Ten actual highway accidents have been mathematically reconstructed in a process comprised of two parts. First, trajectories of the vehicles were reconstructed from physical evidence observed at the scene, using a computer simulation of a two-vehicle, planar collision. Next, the responses of the right front occupant of the subject vehicle were reconstructed from observed internal vehicle damage and passenger injuries, using the predicted vehicle crash history and a nonplanar mathematical model of the crash victim. The predicted vehicle trajectories are in general agreement with on-sit observations for nine of the ten cases. The rest positions of the vehicles in the remaining case were strongly influenced by a secondary collision. In seven of the ten cases, the predicted occupant responses likewise agree generally with the reported evidence. Discrepancies of occupant responses in the remaining three cases are considered attributable to active responses active responses exerted by the occupant in anticipation of the crash. The effect of occupant response is demonstrated through computer simulation. Predicted values of head injury indicators in current use (head severity index and HIC number) do not correlate significantly with observed injuries as measured by the ten-point injury scale. The predicted values of the head injury indicators do, however, fall largely within the broad envelope of corresponding windshield impact test results. Following this analytical effort, the ten accident cases were physically reconstructed on an impact sled, using a sled pulse corresponding to the predicted vehicle deceleration history and an anthropometric crash test dummy to represent the accident victim. The results of most of the sled tests agree generally with observations from the actual crash and the results from the analytical reconstructions of crash victim responses. Differences are traceable to a number of factors, including uncertainties in the vehicle crash history; uncertainties in occupant position, orientation and muscular response; differences in size between the actual and simulated occupants; and differences in material properties and geometry between the actual and simulated vehicle interiors. Measured values of the head severity index show no distinct correlation with the observed injuries measured on the ten-point scale. However, a correlation is shown to exist between observed injury and predicted vehicle speed change. /Author/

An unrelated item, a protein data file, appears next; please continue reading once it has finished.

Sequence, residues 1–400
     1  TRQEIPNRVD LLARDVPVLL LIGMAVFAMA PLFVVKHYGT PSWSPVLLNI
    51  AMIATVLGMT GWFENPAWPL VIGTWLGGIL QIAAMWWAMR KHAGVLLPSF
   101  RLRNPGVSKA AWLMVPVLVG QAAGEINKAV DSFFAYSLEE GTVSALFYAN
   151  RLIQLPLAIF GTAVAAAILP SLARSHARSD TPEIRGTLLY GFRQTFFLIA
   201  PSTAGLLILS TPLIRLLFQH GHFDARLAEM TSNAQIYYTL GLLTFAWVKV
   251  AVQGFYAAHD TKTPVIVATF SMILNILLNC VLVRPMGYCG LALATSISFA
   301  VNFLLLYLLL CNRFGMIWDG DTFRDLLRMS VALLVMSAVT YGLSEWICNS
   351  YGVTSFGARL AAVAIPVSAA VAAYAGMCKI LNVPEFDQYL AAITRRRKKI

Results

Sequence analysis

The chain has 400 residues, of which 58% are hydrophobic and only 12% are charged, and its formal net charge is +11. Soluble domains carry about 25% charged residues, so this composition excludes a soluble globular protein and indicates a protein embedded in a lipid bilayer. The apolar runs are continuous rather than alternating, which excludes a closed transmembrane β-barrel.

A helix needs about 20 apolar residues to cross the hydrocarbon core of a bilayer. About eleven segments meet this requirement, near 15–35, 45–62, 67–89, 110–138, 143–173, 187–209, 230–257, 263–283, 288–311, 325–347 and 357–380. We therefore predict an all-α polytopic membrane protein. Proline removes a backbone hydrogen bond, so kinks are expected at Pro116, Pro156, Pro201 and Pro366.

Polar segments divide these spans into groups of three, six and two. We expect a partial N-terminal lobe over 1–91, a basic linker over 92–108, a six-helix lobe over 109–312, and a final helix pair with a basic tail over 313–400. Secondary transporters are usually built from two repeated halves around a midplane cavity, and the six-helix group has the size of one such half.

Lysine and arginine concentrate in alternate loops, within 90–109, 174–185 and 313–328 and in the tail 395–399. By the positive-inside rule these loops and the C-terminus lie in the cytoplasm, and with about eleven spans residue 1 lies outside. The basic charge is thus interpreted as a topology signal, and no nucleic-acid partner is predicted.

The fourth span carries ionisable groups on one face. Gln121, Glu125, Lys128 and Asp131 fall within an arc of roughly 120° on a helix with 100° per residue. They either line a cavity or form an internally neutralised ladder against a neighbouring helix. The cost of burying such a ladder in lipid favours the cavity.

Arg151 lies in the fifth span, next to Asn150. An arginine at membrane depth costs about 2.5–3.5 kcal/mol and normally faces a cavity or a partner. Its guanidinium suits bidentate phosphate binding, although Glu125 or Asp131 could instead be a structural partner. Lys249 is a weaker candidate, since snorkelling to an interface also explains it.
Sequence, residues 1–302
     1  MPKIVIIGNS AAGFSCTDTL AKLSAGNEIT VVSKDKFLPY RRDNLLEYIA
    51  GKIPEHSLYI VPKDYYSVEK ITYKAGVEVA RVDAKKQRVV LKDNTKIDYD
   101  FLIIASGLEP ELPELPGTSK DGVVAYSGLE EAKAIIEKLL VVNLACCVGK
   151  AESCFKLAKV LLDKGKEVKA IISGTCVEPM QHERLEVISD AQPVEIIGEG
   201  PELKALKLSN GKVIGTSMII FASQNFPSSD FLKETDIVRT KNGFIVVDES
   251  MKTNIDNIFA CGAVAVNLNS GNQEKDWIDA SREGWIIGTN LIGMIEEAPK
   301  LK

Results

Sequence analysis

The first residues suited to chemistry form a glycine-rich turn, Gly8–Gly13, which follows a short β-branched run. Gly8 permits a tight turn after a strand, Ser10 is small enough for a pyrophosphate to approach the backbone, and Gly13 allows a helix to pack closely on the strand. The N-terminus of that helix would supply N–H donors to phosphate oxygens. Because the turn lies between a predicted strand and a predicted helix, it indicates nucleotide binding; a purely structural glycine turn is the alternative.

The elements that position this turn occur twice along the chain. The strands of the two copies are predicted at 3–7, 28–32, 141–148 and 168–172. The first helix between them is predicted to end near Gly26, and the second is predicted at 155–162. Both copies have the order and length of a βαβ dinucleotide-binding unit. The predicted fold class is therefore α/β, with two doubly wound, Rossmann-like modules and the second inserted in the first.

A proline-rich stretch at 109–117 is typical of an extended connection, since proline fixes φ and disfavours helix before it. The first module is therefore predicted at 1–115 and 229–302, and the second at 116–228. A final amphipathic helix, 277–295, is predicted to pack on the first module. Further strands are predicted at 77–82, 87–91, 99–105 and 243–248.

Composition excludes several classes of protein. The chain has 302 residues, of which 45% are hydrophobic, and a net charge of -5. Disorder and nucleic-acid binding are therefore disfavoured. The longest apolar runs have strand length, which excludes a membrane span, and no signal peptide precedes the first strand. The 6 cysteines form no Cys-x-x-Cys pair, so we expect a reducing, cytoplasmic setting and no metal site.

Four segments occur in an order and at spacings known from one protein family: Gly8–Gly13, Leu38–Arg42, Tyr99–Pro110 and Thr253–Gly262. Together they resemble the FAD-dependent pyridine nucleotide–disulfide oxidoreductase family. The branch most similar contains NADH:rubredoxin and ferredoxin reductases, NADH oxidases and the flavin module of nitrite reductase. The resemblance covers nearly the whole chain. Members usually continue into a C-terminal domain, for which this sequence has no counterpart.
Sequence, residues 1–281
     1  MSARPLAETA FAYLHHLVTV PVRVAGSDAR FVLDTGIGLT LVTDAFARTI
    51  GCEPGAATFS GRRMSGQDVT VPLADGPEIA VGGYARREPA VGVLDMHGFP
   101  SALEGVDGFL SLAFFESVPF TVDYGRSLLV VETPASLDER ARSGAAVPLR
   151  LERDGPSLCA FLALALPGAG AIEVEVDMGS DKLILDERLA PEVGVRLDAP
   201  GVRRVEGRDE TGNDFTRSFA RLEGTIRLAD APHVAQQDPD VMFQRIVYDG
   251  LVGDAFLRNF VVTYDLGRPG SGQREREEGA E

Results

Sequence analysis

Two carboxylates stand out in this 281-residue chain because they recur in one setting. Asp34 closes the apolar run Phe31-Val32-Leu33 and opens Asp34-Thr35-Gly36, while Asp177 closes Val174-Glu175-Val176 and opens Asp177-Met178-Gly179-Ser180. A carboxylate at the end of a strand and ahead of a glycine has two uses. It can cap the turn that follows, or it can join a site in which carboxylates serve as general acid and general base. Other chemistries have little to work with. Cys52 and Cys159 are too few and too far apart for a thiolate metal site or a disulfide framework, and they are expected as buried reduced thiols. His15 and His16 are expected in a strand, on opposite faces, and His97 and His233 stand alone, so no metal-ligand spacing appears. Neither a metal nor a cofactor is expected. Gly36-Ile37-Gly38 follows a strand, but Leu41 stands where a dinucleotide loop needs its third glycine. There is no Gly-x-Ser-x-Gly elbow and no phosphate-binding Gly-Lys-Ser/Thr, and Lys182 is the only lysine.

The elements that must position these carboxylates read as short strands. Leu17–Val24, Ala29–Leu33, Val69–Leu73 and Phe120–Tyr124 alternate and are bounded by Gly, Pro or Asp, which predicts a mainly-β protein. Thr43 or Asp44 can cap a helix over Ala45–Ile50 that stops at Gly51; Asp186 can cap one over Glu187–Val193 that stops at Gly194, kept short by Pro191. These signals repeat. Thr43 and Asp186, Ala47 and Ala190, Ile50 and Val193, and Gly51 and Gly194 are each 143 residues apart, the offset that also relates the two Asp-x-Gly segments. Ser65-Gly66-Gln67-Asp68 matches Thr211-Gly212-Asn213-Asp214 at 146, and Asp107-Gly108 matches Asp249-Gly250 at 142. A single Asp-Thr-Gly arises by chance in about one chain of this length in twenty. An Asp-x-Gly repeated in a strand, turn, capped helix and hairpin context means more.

• Corporate Authors:

    Calspan Corporation

    4455 Genesee Street
    Buffalo, NY  United States  14225
  • Authors:
    • Bartz, J A
    • MCHENRY, R R
    • Segal, D J
  • Publication Date: 1974-6

Media Info

  • Features: Figures; References; Tables;
  • Pagination: 283 p.

Subject/Index Terms

Filing Info

  • Accession Number: 00098936
  • Record Type: Publication
  • Source Agency: National Safety Council Safety Research Info Serv
  • Report/Paper Numbers: ZQ-5341-V-1 Intrm Rpt.
  • Contract Numbers: DOT-HS-053-3-658
  • Files: TRIS
  • Created Date: Oct 18 1975 12:00AM